The Community-Wide Impact of Foreclosuresin HPN Blog
Our office took a call this week from a sobbing mother of three. “We’re being evicted for the third time, and we’ve never made a late payment.” She was a hard working single mom, exhausted and distraught at the prospect of moving out of her rental and facing the costs and stress of moving her three children again. Lisa’s story is becoming increasingly familiar as rental properties are foreclosed on and tenants are often the last to know. In fact, a new study shows that 8 million children are impacted by foreclosures nationwide, 1/3 of them in rental situations. Eviction is not the only new challenge renters face in this housing market. As homeowners become displaced, they compete with renters, raising demand and prices for rental homes. As rental prices rise, low-income folks who were barely scraping by find themselves unable to pay rent and are forced to become houseless—maybe moving in with friends or family, a shelter, or being forced onto the streets. This hurts our houseless community members as our limited “safety net” strains to meet growing needs, leaving many without the basics to survive.
You may think that the foreclosure issue only impacts struggling homeowners. The painful reality is that foreclosures hurt all homeowners, renters, and the houseless in a community-wide cycle of devastation. Actual foreclosures have displaced 4 million families nationwide, in Oregon 1 in 73 families got a foreclosure notice in 2011 alone. Yet even homeowners who aren’t struggling to pay their mortgage are being impacted as their home values are driven down by the foreclosure crisis, the drastic drop in home values has left 31% of American homeowners owing more than their homes are worth. The bottom line is that we are all in this together. Foreclosures harm everyone in our communities, from the wealthy to the houseless. We can, and must, take action together to stop them.
Organizing homeowners and community allies to fight back against foreclosures is already having a ripple effect in our communities. Oregon homeowners are fighting back together, resulting in case law that benefit everyone. A 2011 landmark court ruling, the McCoy ruling, set powerful legal precedent resulting in 75% of pending foreclosures in the state being dropped. Community members are also getting involved. There is a growing campaign in Oregon to call for audits of county mortgage records, a crucial first step toward recovering lost county revenues, stopping fraudulent foreclosures and building a case for foreclosure moratoriums. As we expose big bank fraud and stop foreclosures statewide, the result is more families stay in their homes as we work for long-term solutions to the cycle of destruction caused by foreclosure in our communities.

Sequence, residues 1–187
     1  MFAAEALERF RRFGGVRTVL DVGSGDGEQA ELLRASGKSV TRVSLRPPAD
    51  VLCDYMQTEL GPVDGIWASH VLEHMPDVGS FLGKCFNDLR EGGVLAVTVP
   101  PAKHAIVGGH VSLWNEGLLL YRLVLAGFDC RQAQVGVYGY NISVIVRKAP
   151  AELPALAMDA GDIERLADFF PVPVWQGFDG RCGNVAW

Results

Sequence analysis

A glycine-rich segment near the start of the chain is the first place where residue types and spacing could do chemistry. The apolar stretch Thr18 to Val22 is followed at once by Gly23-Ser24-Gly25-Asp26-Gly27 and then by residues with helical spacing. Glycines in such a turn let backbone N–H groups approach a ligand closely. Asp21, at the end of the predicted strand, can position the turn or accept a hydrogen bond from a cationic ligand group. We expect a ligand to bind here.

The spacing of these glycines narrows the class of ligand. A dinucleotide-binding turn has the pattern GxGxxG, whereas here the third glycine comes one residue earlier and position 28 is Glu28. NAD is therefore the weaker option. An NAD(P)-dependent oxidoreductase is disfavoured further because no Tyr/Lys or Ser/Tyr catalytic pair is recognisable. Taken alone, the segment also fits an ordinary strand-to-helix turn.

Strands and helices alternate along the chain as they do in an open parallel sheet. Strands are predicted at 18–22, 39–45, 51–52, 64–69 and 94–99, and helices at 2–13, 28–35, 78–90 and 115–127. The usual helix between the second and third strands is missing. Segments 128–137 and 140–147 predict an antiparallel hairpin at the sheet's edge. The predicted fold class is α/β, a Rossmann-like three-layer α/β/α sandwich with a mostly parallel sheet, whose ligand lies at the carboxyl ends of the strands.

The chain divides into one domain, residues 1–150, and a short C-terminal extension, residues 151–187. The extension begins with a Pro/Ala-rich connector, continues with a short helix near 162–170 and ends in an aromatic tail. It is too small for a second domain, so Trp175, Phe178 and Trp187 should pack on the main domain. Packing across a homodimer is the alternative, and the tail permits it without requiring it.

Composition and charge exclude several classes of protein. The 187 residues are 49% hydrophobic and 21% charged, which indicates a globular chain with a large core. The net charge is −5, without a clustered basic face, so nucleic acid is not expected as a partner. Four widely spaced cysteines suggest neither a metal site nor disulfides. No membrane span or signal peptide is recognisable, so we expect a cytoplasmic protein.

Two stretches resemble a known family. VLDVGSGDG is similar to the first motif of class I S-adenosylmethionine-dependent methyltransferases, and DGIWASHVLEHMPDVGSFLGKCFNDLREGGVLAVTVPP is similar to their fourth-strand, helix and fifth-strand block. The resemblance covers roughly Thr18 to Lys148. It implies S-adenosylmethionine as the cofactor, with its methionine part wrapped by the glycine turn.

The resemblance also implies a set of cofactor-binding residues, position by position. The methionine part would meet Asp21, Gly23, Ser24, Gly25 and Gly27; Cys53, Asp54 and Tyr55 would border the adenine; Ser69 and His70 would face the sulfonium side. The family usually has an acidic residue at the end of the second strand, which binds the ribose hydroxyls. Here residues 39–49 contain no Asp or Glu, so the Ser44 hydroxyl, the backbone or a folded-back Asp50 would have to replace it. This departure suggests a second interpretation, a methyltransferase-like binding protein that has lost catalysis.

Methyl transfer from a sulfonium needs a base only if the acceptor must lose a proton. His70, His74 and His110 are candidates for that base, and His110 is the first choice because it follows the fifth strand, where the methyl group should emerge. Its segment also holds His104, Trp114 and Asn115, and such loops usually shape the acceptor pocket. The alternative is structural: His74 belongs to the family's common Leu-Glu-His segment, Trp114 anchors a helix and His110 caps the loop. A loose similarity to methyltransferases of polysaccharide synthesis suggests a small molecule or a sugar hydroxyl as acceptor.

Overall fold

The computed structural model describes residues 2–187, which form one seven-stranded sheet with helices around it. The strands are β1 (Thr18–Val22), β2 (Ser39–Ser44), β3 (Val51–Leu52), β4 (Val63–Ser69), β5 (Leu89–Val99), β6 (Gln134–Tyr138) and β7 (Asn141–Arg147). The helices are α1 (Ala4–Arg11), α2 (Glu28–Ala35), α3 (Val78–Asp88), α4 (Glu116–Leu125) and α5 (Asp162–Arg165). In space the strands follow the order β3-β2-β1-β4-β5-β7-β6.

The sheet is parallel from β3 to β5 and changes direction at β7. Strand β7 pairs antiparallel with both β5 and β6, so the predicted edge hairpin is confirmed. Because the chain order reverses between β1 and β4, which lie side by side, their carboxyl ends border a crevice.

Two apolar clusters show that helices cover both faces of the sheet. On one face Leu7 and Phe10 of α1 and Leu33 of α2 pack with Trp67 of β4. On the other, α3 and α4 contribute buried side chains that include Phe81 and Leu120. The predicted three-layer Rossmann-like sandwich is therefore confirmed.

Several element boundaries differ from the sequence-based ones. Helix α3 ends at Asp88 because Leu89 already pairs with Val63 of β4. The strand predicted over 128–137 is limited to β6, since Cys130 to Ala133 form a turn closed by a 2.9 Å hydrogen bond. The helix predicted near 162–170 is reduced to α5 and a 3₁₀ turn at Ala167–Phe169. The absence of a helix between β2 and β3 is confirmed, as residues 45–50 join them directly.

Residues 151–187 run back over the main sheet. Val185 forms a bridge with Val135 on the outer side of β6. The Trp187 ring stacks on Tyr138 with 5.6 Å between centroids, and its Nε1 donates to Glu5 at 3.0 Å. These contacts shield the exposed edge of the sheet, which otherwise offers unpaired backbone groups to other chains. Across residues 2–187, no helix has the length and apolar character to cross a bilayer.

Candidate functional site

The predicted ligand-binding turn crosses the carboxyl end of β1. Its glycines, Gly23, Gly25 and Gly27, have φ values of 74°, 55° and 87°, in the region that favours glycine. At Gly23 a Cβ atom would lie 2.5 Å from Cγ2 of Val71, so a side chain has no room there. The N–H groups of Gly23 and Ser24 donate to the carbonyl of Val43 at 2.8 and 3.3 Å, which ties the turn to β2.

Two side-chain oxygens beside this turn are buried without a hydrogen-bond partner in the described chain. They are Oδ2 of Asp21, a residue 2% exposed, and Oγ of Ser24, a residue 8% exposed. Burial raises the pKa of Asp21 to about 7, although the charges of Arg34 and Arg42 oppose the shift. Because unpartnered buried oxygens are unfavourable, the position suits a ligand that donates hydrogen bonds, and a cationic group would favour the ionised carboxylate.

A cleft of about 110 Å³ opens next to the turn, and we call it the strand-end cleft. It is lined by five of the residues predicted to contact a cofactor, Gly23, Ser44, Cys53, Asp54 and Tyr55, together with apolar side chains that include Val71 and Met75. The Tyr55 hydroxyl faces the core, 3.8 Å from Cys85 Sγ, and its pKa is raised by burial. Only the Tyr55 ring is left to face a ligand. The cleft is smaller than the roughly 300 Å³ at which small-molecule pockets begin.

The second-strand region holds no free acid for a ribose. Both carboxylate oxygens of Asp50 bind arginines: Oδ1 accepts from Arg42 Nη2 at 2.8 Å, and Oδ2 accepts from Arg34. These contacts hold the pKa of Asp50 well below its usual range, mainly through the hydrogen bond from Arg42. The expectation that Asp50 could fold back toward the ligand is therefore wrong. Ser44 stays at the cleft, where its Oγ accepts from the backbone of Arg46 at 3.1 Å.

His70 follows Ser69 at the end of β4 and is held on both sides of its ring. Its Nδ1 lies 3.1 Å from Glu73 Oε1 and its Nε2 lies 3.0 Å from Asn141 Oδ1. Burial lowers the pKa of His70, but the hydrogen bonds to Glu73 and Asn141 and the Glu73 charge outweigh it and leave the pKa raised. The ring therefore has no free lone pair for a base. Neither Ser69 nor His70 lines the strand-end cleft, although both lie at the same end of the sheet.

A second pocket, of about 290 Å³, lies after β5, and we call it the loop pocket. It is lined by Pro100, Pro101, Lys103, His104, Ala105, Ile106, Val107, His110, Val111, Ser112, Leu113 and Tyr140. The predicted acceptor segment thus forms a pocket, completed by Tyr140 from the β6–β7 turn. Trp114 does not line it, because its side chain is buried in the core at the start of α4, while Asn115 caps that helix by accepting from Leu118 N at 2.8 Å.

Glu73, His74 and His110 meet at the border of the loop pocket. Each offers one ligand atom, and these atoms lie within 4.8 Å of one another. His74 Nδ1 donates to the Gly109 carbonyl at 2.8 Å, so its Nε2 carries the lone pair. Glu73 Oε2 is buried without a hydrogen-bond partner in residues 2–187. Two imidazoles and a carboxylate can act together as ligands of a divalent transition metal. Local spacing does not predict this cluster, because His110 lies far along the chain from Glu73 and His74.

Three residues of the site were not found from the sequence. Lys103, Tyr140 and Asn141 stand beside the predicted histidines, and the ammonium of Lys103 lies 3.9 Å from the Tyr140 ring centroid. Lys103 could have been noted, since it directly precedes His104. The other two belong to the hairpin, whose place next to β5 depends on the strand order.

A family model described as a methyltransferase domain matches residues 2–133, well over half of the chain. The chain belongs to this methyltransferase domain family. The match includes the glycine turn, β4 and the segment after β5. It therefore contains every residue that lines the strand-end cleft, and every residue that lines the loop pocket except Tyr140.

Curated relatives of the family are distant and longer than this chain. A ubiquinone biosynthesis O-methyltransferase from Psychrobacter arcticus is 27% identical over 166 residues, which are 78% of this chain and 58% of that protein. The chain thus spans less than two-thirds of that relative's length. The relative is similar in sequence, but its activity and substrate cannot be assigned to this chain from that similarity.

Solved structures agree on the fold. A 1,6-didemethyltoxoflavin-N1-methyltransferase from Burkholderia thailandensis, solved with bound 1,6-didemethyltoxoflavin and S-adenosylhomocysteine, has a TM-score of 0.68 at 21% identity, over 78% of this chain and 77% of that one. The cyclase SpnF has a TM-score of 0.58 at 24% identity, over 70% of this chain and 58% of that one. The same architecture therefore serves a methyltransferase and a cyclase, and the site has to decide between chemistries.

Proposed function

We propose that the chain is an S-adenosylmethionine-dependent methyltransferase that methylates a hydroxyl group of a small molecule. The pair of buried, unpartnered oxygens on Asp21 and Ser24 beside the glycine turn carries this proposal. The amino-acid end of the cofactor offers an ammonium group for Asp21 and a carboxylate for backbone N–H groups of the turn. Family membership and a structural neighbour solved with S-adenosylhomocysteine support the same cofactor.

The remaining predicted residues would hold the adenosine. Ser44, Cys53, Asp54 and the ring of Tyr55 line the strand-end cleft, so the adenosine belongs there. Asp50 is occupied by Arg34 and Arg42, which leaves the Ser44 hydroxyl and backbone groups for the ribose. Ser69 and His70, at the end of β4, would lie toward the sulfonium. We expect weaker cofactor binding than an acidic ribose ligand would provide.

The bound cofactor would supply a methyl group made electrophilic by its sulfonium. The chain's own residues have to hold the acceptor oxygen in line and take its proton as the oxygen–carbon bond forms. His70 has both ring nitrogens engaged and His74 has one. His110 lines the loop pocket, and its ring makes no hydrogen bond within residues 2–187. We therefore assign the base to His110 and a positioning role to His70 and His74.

Because someone was there to listen, offer support and connect her to resources in the community to help her family through the transition, Lisa now knows she is not alone. Because homeowners are learning their rights and working together to stop the foreclosures that displace families like Lisa and her children, fewer families will have to experience these painful disruptions. Together we are creating solutions at the community level to keep families in their homes, keep housing affordable, and take care of our community. To do something right now to fight foreclosures nationwide, sign our petition to end punitive mortgage rules that hurt homeowners. To join the fight against foreclosures in Oregon, register for our weekly InterOccupy call “Oregon Occupy Foreclosures” at www.InterOccupy.net.
Michelle Glass is communications director for Project REconomy, an Oregon non-profit who has led the fight against foreclosures in Oregon since 2009. They offer resources to know your rights in a foreclosure, research and attorney referral to fight back, and action campaigns to change policy and protect Oregon communities. To learn more, or to get resources to fight your foreclosure, go to www.ProjectReconomy.org.